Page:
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GPs buried under trusts' workload dump

Two-thirds of GPs see services cut

Two-thirds of GPs have seen local services cut back over the past year as NHS deficits bite deep, a Pulse investigation reveals.

Maternity services and district nursing are among the hardest hit, writes Daniel Cressey.

The analysis of the effects on local services reported by 50 GPs exposes the extent to which care has suffered from financial meltdown in the health service.

It confirms anecdotal reports of cuts in sexual and mental health services, with 32 and 42 per cent respectively of GPs approached by Pulse reporting cuts.

Public health has suffered badly, with 22 per cent of GPs reporting cuts in obesity management and 16 per cent in smoking cessation services.

And despite massive injections of cash into the NHS, only 4 per cent of GPs have seen local services expand.

The cuts in maternity services, reported by a third of GPs, came in the same week the Government pledged to provide a midwife for every mother (see story below).

Other areas being targeted by cash-strapped trusts included minor surgery, physiotherapy, family planning and podiatry.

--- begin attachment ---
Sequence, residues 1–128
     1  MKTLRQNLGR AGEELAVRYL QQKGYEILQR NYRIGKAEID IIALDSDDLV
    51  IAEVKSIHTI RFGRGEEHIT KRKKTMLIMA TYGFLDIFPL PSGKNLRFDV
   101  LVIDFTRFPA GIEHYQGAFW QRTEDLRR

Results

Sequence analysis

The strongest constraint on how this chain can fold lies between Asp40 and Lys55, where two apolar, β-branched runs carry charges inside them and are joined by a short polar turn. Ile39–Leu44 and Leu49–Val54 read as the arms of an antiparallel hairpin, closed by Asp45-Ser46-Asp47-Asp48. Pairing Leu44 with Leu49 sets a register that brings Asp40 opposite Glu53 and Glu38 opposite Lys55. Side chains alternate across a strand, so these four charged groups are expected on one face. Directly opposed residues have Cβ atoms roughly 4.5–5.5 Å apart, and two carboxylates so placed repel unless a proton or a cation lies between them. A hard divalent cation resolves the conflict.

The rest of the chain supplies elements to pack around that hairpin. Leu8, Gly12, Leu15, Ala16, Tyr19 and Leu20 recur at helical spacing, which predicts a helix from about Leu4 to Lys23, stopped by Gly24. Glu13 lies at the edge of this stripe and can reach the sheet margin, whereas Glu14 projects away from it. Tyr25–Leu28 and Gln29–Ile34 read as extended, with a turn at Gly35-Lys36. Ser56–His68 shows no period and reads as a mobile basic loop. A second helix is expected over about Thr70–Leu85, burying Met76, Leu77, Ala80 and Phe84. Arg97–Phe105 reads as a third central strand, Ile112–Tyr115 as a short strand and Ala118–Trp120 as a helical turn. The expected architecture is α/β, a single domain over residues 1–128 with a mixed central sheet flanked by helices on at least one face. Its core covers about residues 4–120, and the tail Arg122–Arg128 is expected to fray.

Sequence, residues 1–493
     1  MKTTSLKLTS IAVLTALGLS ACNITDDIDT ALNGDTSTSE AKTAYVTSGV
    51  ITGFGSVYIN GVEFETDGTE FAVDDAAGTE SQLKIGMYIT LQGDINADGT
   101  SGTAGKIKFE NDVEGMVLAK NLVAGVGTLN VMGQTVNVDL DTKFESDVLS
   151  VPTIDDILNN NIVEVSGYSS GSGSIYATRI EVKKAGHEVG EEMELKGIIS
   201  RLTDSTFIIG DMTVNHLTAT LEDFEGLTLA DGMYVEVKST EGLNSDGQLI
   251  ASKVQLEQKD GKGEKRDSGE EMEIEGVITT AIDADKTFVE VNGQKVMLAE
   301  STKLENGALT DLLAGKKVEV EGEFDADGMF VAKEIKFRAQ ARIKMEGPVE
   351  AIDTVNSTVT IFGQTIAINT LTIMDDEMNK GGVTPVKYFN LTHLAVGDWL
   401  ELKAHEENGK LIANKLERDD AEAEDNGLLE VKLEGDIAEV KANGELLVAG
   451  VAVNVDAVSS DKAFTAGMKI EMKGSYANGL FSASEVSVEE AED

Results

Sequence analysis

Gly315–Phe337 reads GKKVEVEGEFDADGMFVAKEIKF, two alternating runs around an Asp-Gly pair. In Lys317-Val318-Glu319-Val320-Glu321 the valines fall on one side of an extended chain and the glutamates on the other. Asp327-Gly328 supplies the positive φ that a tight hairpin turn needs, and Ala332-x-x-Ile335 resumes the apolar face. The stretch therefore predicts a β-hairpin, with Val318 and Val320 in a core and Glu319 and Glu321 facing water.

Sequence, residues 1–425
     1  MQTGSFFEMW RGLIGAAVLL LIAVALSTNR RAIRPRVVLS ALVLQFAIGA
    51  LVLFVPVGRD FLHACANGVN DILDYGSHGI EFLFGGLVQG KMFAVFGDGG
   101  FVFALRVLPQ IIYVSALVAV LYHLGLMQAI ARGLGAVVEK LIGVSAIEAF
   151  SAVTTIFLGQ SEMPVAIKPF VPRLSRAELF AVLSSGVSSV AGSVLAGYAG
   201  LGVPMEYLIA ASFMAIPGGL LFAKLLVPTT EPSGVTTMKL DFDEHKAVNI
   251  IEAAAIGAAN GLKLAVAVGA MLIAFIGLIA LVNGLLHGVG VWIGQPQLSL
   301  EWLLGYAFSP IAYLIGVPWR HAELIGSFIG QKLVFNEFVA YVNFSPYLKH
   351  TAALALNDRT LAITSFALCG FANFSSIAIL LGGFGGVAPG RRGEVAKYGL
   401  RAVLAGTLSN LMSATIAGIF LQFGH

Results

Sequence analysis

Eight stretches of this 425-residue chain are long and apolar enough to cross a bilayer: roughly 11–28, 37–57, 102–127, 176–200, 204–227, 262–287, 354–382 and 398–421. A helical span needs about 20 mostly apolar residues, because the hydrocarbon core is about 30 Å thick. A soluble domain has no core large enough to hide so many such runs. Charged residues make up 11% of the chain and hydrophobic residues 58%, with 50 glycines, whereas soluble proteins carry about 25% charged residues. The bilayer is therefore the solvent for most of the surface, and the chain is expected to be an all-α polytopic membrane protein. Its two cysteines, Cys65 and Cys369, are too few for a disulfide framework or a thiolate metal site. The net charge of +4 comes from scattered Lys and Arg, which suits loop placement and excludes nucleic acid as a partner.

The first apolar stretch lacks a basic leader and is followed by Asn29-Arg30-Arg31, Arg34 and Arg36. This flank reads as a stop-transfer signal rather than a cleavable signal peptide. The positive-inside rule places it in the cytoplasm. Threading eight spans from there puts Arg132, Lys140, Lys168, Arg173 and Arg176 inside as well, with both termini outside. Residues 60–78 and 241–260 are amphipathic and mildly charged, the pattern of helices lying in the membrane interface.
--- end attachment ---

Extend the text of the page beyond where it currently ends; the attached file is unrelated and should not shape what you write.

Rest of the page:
Dr Tony Greig, a GP in Ludgershall, Wiltshire, said he had seen sexual health, mental health and district nursing services cut. He added: 'We can no longer refer patients for vasectomy or sleep apnoea, among other areas considered to be non-essential by the PCT.'

Dr Elizabeth Barrett, a GP

in Mansfield, Nottinghamshire, said: 'It seems to be impacting most on district nursing services. It has a very detrimental effect on the quality of care people are getting in their homes, which is ironic at a time when we're supposed to be stepping up care at home.'

Many GPs reported having referrals inappropriately diverted by managers, with 13 per cent saying this happened frequently and 50 per cent occasionally.

Dr Nicholas Tresidder, a GP in Stanford-le-Hope in Essex, said: 'Services have been cut and frequently referrals have been misdirected. My particular concerns are district nurses, midwives and health visitors.'

'And diabetic patients are being discharged back to primary care en masse when resources have not been transferred back, thereby causing mayhem.'

Another respondent said: 'The biggest frustration is that the hospital cannot do in-house referrals so asks us to re-refer to colleagues down the corridor – wasting time, paper and money.'

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